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Saturday, May 30, 2020


Winter quarter, for many Western students, is a time to practice something vital to well-being: self-love. It is a concept that everyone understands and practices in different ways, the key is finding your own.

Sophomore Ryan Thon. // Photo by Logan Portteus

 “I try to spend time with other people,” sophomore Ryan Thon said. “It gives me a chance to do nothing but sit and listen and sometimes, although I try not to, sit and talk. But that can also be relaxing and a way to get stuff off of my chest, which I think is self-love.”

For some people, like Thon, seeking outward connections fulfills internal needs.  In winter, when days are shorter and weather darker, spending time with the people we love is incredibly therapeutic and relieves the feeling of isolation many students experience.

“When there are people around you that love you, I think that listening and sharing is important to understand each other, and also to understand yourself. To me that is self-love,” Thon said.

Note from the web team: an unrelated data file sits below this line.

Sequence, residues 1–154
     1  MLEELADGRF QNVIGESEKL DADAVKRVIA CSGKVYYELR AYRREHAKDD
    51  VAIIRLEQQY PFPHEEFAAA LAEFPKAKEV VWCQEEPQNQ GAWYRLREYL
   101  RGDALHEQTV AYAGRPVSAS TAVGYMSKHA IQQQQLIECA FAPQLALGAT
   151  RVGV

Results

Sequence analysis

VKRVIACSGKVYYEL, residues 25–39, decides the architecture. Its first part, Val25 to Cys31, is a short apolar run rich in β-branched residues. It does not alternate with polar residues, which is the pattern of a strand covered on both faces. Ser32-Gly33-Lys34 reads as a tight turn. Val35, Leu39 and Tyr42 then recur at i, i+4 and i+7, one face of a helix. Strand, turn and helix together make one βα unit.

Self-love can be less nuanced than introspection and self-understanding, encompassing practices as simple as eating well and listening to your body.

Western sophomore Ellie Bacchus expressed the importance these simple self-care practices have in her own life.

Sophomore Ellie Bacchus. // Photo by Logan Portteus

“I try to take time to make sure I have a good meal,” said sophomore Ellie Bacchus. “If I have free time, it’s good to take time to engage in all of my hobbies and other interests besides school.”

A quintessential element to practicing self-love is focusing on the way we talk to ourselves. Positive self-talk is when someone pays attention to their internal dialogue and notices when those thoughts become self-depreciating or critical. From there, it requires thinking about why those thoughts are negative and replacing them with a thought of confidence and self-worth. When people are thoughtless, there is more room for negativity that goes unmonitored.

Junior David Mendez. // Photo Logan Portteus

Self-reflection, for Western junior David Mendez, is consistently a priority in practicing self-love.

“On a daily basis, I walk home from school instead of the bus,” Western junior David Mendez said.  “During that walk, I try to reflect on what happened during the day, focusing on the positive first, and then whatever negatives that happened. I realize that they help me grow, too.”


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